for r = originRow+1:nRows

runningSum = runningSum + 2 * pi * (r – originRow) * profile(r);

result(r – originRow + 1) = runningSum;

end

I’m sampling at 100 nm spacing.

Note the earlier graphs I posted were wrong. Sorry.

Brandon Dube says

Well, that’s about Q=50, which I would say is (super) ridiculously oversampled.

Are you sure the results are good? For the in-focus case, the airy radius is 5.4 microns, at which point you would expect 83.8% encircled energy from just diffraction. The blur is larger with other factors, so we should expect less EE, maybe something like 60% even. Your plot looks to be around 90% or so, which would be the case for the second zero of the airy pattern (90.9%, anyway).

I can send you the analytic form for the EE of the airy pattern if you want to do some investigation of (technique) vs truth. I suspect you have a domain-not-large-enough problem.

JimK says

I’d be happy to see the analytic form. I see what you mean about the domain size. I’ll look at that in the morning.

Thanks.

Brandon Dube says

Sure — the equation is 1 – J0^2(r) – J1^2(r), where J0 and J1 are bessel functions.

I emailed you a plot I made with prysm – it has a curve for just the airy disk, numerically derived using Baliga and Cohn’s method, and for the AD convolved with a pixel aperture equal to 5.3*.76 um in diameter, calculated the same way. You should expect wiggles in the EE, related to the zeros of the airy disk. It seems the pixel aperture serves to wash those away, which makes intuitive sense since the rings will blur into the ‘valleys’ so to speak.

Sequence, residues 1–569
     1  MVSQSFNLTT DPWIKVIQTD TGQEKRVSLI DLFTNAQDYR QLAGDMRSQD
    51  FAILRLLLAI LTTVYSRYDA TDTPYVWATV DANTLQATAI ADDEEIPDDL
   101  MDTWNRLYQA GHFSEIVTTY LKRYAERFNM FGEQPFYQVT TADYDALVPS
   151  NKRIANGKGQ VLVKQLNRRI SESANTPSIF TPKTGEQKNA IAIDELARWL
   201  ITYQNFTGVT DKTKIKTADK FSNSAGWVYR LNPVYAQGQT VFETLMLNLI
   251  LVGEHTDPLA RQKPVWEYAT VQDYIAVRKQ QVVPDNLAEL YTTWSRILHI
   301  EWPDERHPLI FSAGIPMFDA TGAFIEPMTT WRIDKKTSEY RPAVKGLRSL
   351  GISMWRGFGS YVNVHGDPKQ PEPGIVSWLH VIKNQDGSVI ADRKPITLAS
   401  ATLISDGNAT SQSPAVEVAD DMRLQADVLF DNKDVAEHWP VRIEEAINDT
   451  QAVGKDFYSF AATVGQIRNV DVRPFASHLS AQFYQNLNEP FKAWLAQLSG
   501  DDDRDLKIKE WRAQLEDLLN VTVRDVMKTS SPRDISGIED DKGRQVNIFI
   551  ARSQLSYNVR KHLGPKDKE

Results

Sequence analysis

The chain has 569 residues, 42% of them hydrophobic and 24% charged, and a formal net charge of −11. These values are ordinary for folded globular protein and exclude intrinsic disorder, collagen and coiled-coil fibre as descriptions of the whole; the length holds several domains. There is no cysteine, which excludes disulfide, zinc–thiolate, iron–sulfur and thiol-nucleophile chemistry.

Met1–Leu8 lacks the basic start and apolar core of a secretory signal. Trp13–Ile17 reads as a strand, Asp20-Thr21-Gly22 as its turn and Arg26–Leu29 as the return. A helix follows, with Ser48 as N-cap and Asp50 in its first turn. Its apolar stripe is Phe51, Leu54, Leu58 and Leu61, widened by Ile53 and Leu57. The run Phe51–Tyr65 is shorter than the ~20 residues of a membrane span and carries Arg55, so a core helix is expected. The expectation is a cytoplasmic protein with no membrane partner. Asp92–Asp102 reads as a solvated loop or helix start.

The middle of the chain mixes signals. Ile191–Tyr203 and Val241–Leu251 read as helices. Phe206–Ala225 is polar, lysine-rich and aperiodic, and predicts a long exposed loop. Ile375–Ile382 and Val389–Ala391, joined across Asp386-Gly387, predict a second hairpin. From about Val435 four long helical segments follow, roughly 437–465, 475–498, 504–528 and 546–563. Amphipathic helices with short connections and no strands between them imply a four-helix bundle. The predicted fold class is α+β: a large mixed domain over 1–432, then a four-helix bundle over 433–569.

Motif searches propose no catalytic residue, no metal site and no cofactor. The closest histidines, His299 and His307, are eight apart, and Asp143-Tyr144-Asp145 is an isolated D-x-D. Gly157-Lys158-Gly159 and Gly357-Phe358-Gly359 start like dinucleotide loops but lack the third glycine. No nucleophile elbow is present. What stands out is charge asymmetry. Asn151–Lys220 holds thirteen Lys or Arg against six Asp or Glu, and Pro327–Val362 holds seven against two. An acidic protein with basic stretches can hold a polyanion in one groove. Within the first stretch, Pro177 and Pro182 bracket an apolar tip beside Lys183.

JimK says

I found an error in the EE calculation. Now it’s:

runningSum = 0.0;

result = zeros(originRow+1,1);

for r = originRow:nRows

runningSum = runningSum + …

pi * ((r + 1 – originRow)^2 – (r – originRow)^2) * profile(r);

result(r – originRow + 1) = runningSum;

end

I revised the graphs and added a diffraction-only graph to the post as a check . It looks pretty much the same as the plot that I found in a set of Cal Tech lecture notes:

http://web.ipac.caltech.edu/staff/fmasci/home/astro_refs/PSFtheory.pdf

Thanks for all your help.

JimK says

Even better: trapezoids instead of rectangles for the integration:

runningSum = 0.0;

result = zeros(originRow+1,1);

for r = originRow:nRows

runningSum = runningSum + …

pi * ((r + 1 – originRow)^2 – (r – originRow)^2) * …

((profile(r) + profile(min(r+1,nRows))) / 2.0);

result(r – originRow + 1) = runningSum;

end

Jack Hogan says

Hi Jim,

Defocus disk diameter = 8NW20. Based on your 1000m plot above, at f/8 that would mean that W20 is 16/64=0.25um about 1/2 lambda. Take a look at the 1/2 lambda PSF in Figure 2 below: not quite a top hat

https://www.strollswithmydog.com/simple-model-for-sharpness-in-digital-cameras-spherical-aberration/

Brandon Dube says

8 fno squared, not 8 fno. The correct notation is W020, not W20.

Jack Hogan says

No, the diameter of the geometrical defocus disk is 8N*W20, do your homework before speaking out of your derriere.

As for W20 vs W020 see H.H.Hopkins – and whatever.